Let $A$ be a $n\times n$ real matrix. My ultimate goal is to find a sufficient condition on $A$ such that all the eigenvalues of $A$ are real.

Therefore, I want $A$ to be self-adjoint with respect to some inner-product. A general inner product associated with a positive definite matrix $B$ is given by $<x,y>=x^tBy$. Then $A$ is self-adjoint if $A^tB=BA$, i.e. $BA$ is symmetric.

So my problem reduces to "for what kind of matrix $A$, there is a (symmetric) positive definite matrix $B$ such that $BA$ is symmetric".

My idea: Given $A$, we want to find a positive definite $n\times n$ matrix $B$ by solving the equation $A^tB=BA$. There are $\frac{n(n+1)}{2}$ variables (not $n^2$) as $B$ is symmetric. There are $n^2$ equations but it seems that only $\frac{n(n-1)}{2}$ of them are independent. Therefore, the solutions should be abundant as there are more variables than equations. However, I don't know how to make sure the solution is positive definite. It is possible that the solution space does not intersect with the positive cone of positive definite matrices, except at $0$.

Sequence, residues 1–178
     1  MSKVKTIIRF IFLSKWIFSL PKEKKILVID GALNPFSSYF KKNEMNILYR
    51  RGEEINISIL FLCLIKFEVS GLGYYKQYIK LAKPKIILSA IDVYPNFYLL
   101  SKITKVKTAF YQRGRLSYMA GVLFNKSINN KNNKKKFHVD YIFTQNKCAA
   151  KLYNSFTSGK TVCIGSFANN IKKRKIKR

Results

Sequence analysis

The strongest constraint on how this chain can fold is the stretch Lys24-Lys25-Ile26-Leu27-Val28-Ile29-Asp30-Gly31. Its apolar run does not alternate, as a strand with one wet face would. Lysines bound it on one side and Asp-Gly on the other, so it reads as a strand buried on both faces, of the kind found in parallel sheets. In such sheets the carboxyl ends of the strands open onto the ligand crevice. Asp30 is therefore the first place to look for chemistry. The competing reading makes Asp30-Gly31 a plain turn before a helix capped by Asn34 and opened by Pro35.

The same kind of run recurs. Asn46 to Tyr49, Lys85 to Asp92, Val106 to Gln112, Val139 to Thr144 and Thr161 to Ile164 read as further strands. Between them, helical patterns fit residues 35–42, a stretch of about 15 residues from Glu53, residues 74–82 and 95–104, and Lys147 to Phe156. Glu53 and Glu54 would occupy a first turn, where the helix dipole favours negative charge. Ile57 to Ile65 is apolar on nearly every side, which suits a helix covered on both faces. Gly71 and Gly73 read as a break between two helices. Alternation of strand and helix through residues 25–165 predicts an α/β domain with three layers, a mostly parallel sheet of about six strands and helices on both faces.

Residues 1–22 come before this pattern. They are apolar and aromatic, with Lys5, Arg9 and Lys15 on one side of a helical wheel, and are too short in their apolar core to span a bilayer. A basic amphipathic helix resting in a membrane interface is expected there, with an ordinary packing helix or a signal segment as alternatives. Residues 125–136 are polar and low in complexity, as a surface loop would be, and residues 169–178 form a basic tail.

Indeed, such a matrix $B$ exists if and only if $A$ has a real spectrum.

If $A$ has a real spectrum, then $A=P^{-1}DP$ for some real matrix $P$ and diagonal matrix $D$. Therefore, $B:=P^TP$ is positive definite and $BA=P^TDP$ is symmetric.

Conversely, suppose $S:=BA$ is symmetric for some positive definite $B$. Then $A=B^{-1}S$ is similar to $B^{-1/2}SB^{-1/2}$ and hence it has a real spectrum.


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